Two mutable references in the iterator and peekable


recently I encountered this example

fn foo() {
        let s = "abcd".to_string();
        let mut it: Chars = s.chars();
        let r_it: &mut Chars = &mut it;
        let mut peek: Peekable<&mut Chars> = r_it.peekable();
        assert_eq!(, Some('a'));
        assert_eq!(, Some('b'));
        assert_eq!(, Some('c'));

and I wonder why is it possible? Typically I would assume that only one mutable reference can exist.

After this in analogy with an Iterator trait I tried to implement the following that might leak a reference

trait Leakable {
        fn leak(self) -> Leak<Self>
            Self: Sized,

        fn change(&mut self);

    struct Leak<T: Leakable> {
        val: T,

    impl<T: Leakable> Leak<T> {
        fn new(val: T) -> Leak<T> {
            Leak { val }

    impl<T: Leakable> Leakable for Leak<T> {
        fn change(&mut self) {

    struct Bar {
        val: i32,

    impl Leakable for Bar {
        fn change(&mut self) {
            self.val += 1;

    fn bar() {
        let mut i: i32 = 5;
        let mut bar: Bar = Bar { val: i };
        let r_bar: &mut Bar = &mut bar;
        let mut leak: Leak<Bar> = r_bar.leak();
        assert_eq!(leak.val.val, 6);
        assert_eq!(r_bar.val, 6);
        assert_eq!(bar.val, 6);

However in contrast with the iterator the leak in bar() has a type of Leak<Bar> and not Leak<&mut Bar> as with the iterator example, where peek has a type peek: Peekable<&mut Chars>. And here is my second question why is the type of leak different from the type of peek?

Accordingly as I would expect due to the type Leak<Bar> the code fails to compile with the error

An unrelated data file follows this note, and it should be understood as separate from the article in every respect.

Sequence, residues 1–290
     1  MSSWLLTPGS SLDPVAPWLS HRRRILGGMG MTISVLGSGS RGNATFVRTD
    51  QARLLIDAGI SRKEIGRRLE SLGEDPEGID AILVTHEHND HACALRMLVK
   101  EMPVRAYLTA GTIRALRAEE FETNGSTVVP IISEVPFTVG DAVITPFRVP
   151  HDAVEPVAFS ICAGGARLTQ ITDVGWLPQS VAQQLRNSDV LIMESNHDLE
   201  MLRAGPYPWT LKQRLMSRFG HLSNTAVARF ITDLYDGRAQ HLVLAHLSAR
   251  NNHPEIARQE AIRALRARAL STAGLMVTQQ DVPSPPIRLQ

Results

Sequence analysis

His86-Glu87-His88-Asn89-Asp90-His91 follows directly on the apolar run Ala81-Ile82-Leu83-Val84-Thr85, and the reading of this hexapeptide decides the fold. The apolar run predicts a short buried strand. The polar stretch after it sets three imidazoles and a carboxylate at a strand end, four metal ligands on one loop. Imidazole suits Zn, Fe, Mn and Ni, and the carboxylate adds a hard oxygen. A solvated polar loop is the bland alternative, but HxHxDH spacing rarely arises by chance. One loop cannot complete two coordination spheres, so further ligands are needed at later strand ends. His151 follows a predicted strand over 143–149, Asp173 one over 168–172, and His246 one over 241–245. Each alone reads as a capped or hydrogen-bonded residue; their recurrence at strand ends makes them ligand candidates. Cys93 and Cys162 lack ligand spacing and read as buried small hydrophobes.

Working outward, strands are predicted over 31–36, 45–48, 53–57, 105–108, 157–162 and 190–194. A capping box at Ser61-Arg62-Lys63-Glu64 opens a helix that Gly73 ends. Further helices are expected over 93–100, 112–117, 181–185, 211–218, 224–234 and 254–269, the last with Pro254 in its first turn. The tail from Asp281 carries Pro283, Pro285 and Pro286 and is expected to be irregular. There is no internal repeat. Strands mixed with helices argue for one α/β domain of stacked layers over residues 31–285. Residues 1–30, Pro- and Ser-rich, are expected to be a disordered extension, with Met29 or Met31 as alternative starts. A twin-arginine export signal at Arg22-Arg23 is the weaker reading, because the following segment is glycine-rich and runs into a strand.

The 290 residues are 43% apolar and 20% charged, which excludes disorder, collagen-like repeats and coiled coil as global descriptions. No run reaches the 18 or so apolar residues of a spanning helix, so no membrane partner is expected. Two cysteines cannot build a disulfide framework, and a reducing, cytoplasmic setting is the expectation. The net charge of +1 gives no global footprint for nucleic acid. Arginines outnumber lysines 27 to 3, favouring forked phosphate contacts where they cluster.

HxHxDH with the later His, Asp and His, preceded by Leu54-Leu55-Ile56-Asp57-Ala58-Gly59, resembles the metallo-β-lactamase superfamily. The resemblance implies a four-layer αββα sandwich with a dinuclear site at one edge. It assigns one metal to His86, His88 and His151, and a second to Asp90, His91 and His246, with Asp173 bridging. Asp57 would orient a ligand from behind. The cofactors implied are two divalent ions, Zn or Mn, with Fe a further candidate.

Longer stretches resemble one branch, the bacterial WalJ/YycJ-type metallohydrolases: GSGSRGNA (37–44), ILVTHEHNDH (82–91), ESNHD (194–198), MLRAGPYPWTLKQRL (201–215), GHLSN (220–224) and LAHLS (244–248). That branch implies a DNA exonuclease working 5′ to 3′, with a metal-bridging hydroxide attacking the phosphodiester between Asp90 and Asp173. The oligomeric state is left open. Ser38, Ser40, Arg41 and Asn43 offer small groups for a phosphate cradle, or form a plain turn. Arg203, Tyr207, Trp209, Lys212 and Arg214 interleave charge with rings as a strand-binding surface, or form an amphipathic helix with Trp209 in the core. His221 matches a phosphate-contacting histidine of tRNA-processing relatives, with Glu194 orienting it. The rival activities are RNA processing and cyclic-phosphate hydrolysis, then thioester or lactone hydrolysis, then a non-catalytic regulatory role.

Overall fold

error[E0507]: cannot move out of `*r_bar` which is behind a mutable reference
590 |         let mut leak: Leak<Bar> = r_bar.leak();
    |                                   ^^^^^^^^^^^^ move occurs because `*r_bar` has type `Bar`, which does not implement the `Copy` trait

Can anybody explain me what is happening here.


A mutable reference which is being reborrowed from is "freezed", you can't access it as long as the reborrow is alive.

In the first code snippet you posted, you happen to be "lucky" and you call the methods in exactly the opposite order in which their corresponding iterators have been created. This allows NLL to kick in and end the borrow to peek first, which makes it possible to use r_it, and then the borrow of r_it ends too, which makes it possible to use it itself. If you shuffle around the three next() calls in any other way, it won't compile anymore.


Ok, thanks for the explanation. I had to be really lucky in that case:-)))

Maybe by a chance you also know why in the other snippet the type of leak is different for the type of peek?

&mut Bar doesn't implement Leakable so autoderef kicks in and sees that Bar: Leakable, so it tries that (only) remaining possibility. If you impl Leakable for &'_ mut Bar, the code compiles.

(In contrast, &mut Iterator is also an Iterator due to the existing blanket impl in the standard library.)

Thanks a lot. This is what I was also suspecting, but I was confused by the fact that I did not find the implementation for &mut Iterator in the std. (Maybe I just overlooked it.)

Here it is.

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